Amazon.com (NASDAQ:AMZN) launched another shot across the bow in the streaming wars earlier this month.
The e-commerce giant launched its video streaming service in 200 countries on December 14, matching Netflix's (NASDAQ:NFLX) global launch at the beginning of the year. Amazon is fast shaping up as Netflix's biggest rival in video streaming, moving past Hulu and other potential competitor YouTube Red.
Amazon, which has seized on opportunities in emerging industries unlike any other company in the past generation, is pouring billions into video streaming, which has become its biggest focus after e-commerce and cloud computing. The global launch follows Amazon's recent release of the highly anticipated "The Grand Tour" with Jeremy Clarkson, a show it reportedly spent $160 million to buy the rights to.
With Amazon Video's international release, internet users around the world now have another streaming option on top of Netflix, but with one important distinction. Amazon's service will be available for a six-month trial at a price of just $2.99/month, which will then increase to $5.99. Netflix, on the other hand, charges the same rate in developing countries as it does in the US, offering a base price of $8/month. Netflix CEO explained the pricing strategy by saying his service was initially targeting elites in regions like the Middle East and India and that it may lower its prices over time.
Amazon's strategy, on the other hand, seems to be consistent with its historical pattern of sacrificing profits for market share. The company is unlikely making a profit on video streaming, and is instead using it to attract customers to its Prime ecosystem, which offers free two-day-shipping, encouraging members to do their online shopping exclusively at Amazon. Video is the main attraction in many of these new countries -- Amazon barely offers the other Prime benefits in the countries.
With its lower price point, Amazon would seem to have the advantage over Netflix in countries like India, where Netflix is charging the double the average price for Pay-TV packages.
There's other evidence that Amazon is narrowing the gap with Netflix as well. Amazon's titles actually scored more nominations than Netflix's for the 2017 Golden Globe Awards, which were announced earlier this month. Both companies received five nominations for TV, with Netflix gaining nods for "Stranger Things" and "The Crown," and Amazon for "Transparent," "Mozart in the Jungle," and "Goliath." However, Amazon garnered six nominations on the film side, five for "Manchester by the Sea," for which it outbid Netflix at this year's Sundance Film Festival. Netflix received only one film nomination, for "Divine."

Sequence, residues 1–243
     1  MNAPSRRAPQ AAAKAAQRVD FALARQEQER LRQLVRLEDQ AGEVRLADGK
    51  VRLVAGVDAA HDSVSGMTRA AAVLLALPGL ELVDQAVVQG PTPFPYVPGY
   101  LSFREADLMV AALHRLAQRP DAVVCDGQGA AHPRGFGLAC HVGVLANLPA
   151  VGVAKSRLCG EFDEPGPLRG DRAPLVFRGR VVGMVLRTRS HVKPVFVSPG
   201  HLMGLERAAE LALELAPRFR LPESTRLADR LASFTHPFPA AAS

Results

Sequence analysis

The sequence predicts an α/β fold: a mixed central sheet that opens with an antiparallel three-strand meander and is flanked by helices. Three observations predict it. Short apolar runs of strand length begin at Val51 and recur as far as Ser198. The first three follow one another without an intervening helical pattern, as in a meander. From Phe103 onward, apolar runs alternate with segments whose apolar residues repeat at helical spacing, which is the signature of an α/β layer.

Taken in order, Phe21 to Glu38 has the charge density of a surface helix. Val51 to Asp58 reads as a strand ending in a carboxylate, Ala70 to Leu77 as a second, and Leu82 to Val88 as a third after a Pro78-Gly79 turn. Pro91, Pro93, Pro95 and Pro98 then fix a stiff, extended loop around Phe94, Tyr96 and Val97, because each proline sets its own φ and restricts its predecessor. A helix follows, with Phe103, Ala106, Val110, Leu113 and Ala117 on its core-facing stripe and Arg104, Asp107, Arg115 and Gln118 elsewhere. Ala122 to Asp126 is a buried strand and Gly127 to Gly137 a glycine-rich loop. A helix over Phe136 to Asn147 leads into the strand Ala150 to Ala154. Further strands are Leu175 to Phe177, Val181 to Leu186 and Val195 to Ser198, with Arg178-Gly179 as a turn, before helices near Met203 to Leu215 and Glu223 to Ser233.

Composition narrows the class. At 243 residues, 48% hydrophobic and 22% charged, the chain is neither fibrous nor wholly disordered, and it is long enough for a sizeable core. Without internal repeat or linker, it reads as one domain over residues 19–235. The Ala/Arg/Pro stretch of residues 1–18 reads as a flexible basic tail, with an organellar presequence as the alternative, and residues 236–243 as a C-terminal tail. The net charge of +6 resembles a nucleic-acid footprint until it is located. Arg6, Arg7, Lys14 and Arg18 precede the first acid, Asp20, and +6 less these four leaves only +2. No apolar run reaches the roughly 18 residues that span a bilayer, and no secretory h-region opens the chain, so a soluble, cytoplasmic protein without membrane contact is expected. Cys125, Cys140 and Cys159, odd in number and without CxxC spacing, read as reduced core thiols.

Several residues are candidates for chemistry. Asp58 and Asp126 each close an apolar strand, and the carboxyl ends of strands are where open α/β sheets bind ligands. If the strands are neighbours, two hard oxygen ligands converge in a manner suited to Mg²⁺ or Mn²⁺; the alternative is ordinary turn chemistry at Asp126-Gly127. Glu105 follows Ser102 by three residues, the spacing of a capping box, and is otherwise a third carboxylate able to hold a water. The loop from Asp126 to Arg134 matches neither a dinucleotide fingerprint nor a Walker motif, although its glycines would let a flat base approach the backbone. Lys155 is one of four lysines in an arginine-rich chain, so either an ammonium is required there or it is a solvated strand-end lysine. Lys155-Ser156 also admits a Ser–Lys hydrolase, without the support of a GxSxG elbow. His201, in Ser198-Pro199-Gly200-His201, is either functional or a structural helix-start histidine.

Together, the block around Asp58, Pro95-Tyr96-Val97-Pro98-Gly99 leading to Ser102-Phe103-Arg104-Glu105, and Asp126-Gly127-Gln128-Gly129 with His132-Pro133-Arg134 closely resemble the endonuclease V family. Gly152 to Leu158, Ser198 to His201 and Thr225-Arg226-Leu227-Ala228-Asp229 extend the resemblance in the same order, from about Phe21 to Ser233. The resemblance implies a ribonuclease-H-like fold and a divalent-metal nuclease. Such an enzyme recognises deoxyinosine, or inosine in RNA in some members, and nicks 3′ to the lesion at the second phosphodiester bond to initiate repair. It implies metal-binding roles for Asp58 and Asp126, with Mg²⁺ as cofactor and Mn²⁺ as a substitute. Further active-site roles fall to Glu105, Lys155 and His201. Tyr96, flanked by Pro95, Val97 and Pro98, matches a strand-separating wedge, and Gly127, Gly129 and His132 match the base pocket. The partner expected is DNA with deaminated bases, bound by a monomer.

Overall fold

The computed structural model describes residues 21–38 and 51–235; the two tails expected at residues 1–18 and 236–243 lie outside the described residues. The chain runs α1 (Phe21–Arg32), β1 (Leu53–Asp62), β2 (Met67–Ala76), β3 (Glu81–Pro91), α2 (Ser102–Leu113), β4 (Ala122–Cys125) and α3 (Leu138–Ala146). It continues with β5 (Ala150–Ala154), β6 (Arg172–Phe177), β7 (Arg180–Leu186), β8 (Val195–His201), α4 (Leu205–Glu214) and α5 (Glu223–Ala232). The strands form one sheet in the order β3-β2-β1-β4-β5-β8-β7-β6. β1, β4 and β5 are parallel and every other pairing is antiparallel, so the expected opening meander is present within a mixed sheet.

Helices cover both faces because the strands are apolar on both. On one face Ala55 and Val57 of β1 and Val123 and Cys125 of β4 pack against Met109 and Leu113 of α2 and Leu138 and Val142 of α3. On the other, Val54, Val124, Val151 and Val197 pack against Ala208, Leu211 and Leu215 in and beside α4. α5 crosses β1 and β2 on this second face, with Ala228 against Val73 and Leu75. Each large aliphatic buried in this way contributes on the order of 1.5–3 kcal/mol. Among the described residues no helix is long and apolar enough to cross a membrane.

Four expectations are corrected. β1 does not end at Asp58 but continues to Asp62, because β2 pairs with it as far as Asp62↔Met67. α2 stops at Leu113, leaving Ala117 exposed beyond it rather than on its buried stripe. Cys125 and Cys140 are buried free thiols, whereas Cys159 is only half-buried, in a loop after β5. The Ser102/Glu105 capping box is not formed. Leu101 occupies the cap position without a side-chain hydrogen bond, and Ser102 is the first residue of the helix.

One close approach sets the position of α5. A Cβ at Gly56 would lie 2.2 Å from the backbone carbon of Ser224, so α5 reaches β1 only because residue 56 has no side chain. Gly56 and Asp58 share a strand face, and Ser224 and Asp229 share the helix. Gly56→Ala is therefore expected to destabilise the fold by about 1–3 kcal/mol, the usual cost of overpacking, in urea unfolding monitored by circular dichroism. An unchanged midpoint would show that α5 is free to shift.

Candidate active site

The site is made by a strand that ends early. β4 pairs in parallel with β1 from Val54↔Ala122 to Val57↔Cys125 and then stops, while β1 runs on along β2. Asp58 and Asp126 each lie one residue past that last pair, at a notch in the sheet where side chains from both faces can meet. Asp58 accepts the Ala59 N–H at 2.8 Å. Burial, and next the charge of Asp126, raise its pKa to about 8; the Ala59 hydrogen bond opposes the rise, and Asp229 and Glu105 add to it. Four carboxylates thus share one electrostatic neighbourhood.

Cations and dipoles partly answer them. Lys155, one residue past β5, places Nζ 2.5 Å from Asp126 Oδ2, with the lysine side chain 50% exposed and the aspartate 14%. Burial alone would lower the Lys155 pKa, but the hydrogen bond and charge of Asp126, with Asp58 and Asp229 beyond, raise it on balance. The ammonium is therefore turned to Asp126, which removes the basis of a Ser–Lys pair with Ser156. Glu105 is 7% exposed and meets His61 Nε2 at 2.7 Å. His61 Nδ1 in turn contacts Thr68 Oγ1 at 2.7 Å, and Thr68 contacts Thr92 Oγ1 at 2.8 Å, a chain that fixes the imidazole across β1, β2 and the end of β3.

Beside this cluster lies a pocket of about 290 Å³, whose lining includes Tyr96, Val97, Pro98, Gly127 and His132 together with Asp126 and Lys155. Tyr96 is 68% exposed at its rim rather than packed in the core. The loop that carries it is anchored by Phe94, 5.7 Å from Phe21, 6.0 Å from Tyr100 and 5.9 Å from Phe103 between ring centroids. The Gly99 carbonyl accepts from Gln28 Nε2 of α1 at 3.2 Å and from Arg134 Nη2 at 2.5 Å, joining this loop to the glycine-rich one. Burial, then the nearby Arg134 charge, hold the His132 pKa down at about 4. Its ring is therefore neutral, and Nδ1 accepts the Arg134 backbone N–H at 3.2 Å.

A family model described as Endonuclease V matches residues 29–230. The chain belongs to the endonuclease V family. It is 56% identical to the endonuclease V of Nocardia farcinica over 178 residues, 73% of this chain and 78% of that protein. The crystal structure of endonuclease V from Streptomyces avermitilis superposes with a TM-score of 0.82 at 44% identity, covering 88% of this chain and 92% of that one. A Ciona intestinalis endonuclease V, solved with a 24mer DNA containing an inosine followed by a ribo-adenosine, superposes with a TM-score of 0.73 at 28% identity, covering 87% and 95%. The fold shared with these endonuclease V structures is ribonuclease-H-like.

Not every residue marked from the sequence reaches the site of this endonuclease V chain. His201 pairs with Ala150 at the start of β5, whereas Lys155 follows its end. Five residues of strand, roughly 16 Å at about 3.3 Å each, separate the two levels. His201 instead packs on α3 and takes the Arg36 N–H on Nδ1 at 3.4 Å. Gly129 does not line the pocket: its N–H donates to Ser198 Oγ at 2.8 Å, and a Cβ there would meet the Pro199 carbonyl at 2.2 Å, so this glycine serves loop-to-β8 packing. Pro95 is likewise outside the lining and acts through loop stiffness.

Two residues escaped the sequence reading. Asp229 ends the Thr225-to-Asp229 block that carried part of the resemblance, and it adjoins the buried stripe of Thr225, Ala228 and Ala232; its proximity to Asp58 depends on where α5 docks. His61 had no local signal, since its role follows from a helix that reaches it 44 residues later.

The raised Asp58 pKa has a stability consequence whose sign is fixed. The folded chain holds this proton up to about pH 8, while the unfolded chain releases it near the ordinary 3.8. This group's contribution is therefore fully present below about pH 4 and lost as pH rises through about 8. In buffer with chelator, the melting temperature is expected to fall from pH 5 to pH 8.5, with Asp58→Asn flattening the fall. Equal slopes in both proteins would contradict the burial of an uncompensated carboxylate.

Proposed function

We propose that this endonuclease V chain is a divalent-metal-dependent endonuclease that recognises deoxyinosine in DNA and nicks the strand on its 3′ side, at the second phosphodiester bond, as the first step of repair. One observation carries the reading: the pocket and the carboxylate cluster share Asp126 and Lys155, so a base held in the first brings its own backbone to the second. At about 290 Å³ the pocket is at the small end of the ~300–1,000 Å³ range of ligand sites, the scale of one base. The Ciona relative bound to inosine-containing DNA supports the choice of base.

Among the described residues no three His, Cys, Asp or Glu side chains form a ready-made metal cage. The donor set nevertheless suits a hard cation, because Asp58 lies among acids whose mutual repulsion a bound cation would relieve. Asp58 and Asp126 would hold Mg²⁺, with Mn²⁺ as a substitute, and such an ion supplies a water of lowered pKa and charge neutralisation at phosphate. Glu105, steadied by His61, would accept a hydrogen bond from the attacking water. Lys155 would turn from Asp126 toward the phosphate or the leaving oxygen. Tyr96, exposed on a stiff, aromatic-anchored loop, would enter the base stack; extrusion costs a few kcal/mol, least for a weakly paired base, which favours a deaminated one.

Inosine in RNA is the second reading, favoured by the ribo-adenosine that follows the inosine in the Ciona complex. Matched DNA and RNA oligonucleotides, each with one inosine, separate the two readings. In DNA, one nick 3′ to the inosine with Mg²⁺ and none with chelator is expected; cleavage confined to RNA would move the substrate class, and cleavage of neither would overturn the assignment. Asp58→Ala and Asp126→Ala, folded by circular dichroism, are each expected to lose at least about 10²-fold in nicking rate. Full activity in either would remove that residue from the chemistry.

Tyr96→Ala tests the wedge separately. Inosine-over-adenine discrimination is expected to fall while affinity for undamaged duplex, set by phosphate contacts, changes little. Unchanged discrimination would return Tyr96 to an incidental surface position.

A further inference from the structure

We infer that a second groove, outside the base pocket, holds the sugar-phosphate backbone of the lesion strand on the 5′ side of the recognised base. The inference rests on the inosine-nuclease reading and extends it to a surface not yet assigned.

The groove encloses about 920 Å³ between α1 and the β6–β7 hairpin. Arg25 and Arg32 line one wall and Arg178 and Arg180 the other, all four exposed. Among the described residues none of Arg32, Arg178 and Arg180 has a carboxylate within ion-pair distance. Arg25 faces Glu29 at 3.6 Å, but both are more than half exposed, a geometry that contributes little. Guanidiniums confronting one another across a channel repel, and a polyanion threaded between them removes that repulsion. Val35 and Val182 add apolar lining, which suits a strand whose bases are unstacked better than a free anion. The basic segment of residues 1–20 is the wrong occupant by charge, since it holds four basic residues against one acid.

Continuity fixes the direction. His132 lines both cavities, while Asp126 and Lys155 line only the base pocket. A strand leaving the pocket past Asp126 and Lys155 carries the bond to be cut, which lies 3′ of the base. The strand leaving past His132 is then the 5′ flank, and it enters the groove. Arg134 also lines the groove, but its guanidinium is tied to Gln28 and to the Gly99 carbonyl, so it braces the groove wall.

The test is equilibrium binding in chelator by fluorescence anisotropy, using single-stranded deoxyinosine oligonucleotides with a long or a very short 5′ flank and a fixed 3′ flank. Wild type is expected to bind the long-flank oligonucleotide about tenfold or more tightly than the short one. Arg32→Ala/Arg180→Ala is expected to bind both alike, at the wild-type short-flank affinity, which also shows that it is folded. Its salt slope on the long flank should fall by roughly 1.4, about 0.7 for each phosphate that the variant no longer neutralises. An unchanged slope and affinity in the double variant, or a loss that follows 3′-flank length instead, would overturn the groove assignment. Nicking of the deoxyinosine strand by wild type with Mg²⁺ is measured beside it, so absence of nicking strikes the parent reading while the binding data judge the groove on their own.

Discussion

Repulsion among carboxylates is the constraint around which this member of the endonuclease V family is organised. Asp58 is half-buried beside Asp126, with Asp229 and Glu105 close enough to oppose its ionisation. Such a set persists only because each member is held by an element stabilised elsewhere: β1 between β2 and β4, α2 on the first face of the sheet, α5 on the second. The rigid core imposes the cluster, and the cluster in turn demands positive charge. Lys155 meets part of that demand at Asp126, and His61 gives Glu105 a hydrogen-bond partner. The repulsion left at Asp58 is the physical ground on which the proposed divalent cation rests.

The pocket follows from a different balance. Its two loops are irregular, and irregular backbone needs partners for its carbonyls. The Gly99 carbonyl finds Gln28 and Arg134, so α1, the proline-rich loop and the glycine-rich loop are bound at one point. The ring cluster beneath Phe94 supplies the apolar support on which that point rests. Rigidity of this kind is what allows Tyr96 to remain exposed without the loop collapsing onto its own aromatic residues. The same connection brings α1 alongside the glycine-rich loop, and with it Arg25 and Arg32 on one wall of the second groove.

By all accounts, "The Grand Tour" has been a smash hit as well, more popular than any other Amazon show and with an IMDB rating of 9.2 with more than 20,000 votes.
It's clear that Amazon is increasingly posing a challenge to Netflix, as the two companies have engaged in bidding wars over a number of properties including "The Grand Tour," "Transparent," and several films at Sundance. Like Netflix, Amazon Prime has also proven hugely popular at home, though Amazon does not release information on the number of members it has.
However, there's little evidence that Amazon's incursion has had an effect on Netflix's own subscribership. Netflix is set to add more than 4 million subscribers in the US this year, reaching nearly 50 million total and well on its way to an end goal of 60-90 million domestic subscribers, and the company's shows continue to be the most popular among streaming audiences, claiming the top 11 spots according to Business Insider.
And despite Amazon's gains, Netflix remains the pace-setter in the industry. It was the first to go into originals, the first to launch globally, and continues to spend more money than its rivals, with plans for a budget of at least $6 billion for original programming next year. It's also begun optimizing content for local markets, with options like local dubbing and subtitling and programming from the host country, gaining a head start in Amazon in that area. Netflix's status as a pure-play also may give it an advantage over Amazon, as Amazon's brand is tied up with other businesses and its website gives no indication of its streaming catalog.
If anything, the rivalry shaping up between Amazon and Netflix seems to prove Reed Hastings' contention that the streaming market will be massive, with plenty of room for several competitors, continuing to grow every year for the next 20 years. Americans have shown they're willing to shell out for both and Netflix and Amazon Prime, as they have for Prime and rival Costco. If both services continue to offer quality programming, consumers will continue to pay the small monthly fee to enjoy them. Amazon's willingness to undercut Netflix on price overseas may put a dent in its growth rate in some foreign markets, but Netflix's leadership still looks steady.
As technology improves and the viewing audience moves over from traditional Pay-TV, both services should find ample growth in the coming years.